That phrase, ‘you train dogs, but you educate people’ was used to me years ago by Harvard professor Jim Hagler, making the point that education involves nurturing the ability to think and question while training is simply enforcing a repeatable routine.
Both have their place, but getting the two mixed up and expecting training to take the place of educating leads to failure.
There are thousands of information products out there, courses of many types that promise to deliver a learning outcome, which is usually passive income so you can sit on a beach and make money while sipping G&T’s
You have seen them.
They offer training, and often use that term. They are the digital equivalent of buying a book, on a topic, and once you walk out of the bookstore (are there any left?) the author, publisher and bookstore owner have no further obligation to you, the responsibility is all yours.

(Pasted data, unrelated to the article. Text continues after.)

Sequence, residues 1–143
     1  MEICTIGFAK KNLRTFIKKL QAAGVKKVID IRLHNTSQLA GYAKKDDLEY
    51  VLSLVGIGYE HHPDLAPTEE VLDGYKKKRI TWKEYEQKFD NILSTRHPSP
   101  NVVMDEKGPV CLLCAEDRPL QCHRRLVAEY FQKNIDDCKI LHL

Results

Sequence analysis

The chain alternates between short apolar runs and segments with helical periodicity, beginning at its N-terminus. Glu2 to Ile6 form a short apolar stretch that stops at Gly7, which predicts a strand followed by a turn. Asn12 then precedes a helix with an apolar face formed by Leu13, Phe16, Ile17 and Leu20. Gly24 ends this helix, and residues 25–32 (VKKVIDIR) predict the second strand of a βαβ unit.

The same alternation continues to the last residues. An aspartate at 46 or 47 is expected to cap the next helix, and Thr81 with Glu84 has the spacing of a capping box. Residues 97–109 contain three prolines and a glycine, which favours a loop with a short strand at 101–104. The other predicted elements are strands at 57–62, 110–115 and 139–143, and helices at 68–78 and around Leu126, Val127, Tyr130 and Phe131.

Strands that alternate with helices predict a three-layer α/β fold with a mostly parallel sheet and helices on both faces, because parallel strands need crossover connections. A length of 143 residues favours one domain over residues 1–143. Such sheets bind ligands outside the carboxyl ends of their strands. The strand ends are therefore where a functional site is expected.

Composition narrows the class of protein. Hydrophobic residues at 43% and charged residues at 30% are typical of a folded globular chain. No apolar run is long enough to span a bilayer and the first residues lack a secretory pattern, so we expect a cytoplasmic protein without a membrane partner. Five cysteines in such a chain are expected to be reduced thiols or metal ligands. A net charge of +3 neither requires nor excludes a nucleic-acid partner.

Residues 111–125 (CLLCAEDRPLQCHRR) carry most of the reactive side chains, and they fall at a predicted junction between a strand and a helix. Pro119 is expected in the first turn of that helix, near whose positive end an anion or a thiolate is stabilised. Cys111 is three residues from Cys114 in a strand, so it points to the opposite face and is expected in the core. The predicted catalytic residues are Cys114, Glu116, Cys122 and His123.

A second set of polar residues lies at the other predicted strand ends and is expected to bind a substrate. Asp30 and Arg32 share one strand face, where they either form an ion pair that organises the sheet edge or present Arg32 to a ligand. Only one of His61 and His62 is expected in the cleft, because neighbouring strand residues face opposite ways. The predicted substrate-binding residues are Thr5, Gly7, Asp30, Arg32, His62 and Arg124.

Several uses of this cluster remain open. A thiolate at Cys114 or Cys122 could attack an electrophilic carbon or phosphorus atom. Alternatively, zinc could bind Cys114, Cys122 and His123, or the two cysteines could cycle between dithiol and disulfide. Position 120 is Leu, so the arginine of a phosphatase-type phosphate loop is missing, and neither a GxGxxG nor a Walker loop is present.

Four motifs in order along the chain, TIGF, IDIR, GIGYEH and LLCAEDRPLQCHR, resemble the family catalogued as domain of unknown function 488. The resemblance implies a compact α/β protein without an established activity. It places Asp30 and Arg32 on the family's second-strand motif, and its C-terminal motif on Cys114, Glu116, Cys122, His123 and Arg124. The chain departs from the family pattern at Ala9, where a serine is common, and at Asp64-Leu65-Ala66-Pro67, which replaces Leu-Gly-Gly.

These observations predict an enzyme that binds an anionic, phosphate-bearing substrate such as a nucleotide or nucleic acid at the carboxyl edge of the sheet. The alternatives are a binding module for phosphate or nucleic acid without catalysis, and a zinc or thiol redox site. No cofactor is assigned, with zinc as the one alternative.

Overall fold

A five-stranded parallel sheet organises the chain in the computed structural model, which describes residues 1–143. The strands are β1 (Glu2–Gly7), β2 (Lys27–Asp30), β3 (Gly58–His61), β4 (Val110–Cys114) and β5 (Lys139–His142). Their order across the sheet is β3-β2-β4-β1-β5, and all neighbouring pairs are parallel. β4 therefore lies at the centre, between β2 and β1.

By contrast, getting an education takes time, and effort, and there is a responsibility of the institution to teach you, and ensure that you not just know the topic, but can think creatively and critically about both the topic and related material. You cannot walk into the university office and buy a degree (although recent revelations might just make that assertion obsolete)
Education is a two way street, shared by both parties, as distinct from information provision, which is a once only transaction.
Key difference is when you need help, is it there? Most on-line courses are just information, with no help beyond technical assistance to download the stuff, if you are lucky.
There is a big cost to education, not just money, but time and effort, the cost of training is often low.
I would rather spend $2000 on education, really learning a topic, than $200 on a training course.
This rant was set off by another of those very well crafted pieces of sales copywriting that landed in my email last week promising to give me a passive income of ‘at least 5,000/month’ for life. All I had to do was part with $779 now, or an easy $150/month for 6 months, and it would be mine. Easy, great ROI if it actually worked.
Utter bullshit aimed at deluding the easily deluded.